I was going to say "it's all or nothing" (As @Rathony said in the comments). But then I did some websearching. Read on.
"do or die", like "life or death" and "life and death", implies you could lose a lot, but doesn't imply that if you don't lose, you win. Only that you survive.
"high stakes" implies that you could win a lot or lose a lot. But it doesn't rule out the possibility that you could also break even or just win or lose just a little bit.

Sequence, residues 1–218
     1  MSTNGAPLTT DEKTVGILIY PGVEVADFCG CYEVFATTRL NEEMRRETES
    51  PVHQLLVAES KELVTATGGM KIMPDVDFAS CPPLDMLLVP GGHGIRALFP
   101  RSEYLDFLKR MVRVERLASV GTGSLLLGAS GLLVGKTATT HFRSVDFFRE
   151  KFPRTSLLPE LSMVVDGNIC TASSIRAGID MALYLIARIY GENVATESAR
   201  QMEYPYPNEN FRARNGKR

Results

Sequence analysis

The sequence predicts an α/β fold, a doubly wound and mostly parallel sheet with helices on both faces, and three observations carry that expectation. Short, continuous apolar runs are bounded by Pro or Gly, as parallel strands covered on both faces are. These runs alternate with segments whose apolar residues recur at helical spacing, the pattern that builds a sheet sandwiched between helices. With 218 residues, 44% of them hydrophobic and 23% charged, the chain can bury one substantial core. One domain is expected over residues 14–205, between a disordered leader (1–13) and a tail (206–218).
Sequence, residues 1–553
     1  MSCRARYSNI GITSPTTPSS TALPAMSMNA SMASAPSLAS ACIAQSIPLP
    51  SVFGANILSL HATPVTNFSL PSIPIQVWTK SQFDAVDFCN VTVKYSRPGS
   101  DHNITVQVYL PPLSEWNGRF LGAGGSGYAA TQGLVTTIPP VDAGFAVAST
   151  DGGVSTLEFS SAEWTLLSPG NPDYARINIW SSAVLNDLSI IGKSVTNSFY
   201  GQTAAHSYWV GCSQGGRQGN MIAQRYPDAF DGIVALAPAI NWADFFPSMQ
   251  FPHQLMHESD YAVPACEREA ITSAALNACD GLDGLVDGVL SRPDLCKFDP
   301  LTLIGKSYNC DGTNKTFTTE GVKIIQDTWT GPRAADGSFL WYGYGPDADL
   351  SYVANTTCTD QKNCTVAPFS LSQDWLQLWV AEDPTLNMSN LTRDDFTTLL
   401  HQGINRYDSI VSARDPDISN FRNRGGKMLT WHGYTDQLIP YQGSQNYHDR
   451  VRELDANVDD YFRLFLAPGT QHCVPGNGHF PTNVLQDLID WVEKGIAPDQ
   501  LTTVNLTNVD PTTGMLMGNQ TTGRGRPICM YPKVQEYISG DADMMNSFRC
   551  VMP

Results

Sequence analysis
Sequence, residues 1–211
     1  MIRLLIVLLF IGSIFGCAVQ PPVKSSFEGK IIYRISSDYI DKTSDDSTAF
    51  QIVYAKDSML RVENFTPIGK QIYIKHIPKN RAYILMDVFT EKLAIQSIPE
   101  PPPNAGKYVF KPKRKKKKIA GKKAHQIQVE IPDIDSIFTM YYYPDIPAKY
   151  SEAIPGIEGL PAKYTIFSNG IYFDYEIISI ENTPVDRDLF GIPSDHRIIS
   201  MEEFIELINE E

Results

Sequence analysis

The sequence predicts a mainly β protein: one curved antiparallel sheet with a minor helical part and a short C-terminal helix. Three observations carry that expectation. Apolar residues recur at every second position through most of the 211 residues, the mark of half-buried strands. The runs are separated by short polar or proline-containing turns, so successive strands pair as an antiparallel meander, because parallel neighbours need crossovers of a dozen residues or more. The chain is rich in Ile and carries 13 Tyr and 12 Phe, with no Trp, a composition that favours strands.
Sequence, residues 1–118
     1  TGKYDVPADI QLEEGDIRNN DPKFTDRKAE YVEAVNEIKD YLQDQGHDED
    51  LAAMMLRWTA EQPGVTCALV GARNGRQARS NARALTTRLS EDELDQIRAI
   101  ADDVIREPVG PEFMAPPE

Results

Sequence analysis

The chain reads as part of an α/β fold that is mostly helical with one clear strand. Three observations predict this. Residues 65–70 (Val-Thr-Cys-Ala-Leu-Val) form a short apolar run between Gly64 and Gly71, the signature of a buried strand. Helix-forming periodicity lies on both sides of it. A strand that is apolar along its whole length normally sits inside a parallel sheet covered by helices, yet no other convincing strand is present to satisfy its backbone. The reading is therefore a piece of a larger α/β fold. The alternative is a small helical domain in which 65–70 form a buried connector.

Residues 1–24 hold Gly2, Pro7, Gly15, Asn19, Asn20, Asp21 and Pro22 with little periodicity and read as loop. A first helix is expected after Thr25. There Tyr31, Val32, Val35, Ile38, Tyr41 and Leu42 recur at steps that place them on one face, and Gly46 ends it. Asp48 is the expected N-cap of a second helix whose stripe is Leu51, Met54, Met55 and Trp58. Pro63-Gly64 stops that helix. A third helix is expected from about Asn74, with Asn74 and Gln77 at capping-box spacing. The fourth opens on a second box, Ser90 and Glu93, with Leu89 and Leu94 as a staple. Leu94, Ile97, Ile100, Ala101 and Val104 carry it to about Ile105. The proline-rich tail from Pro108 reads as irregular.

If you want to say "win a lot or lose a lot with nothing in between AND it is much more likely that you will lose than win", then you could go with "hail mary pass".
"double or nothing" exists, as does the less common "double or quits", but I don't think they have the same idiomatic usage as you attribute to "quitte ou double".
http://dictionnaire.reverso.net/francais-anglais/quitte%20or%20double/forced does suggest "double or quits" - in the sense of getting out of debt, or deeper into debt.
The same site also suggests "make or break", which I think is the best answer yet, because it has more of a hint or randomness and unpredictability than "all or nothing" does.
So I'll suggest "make or break".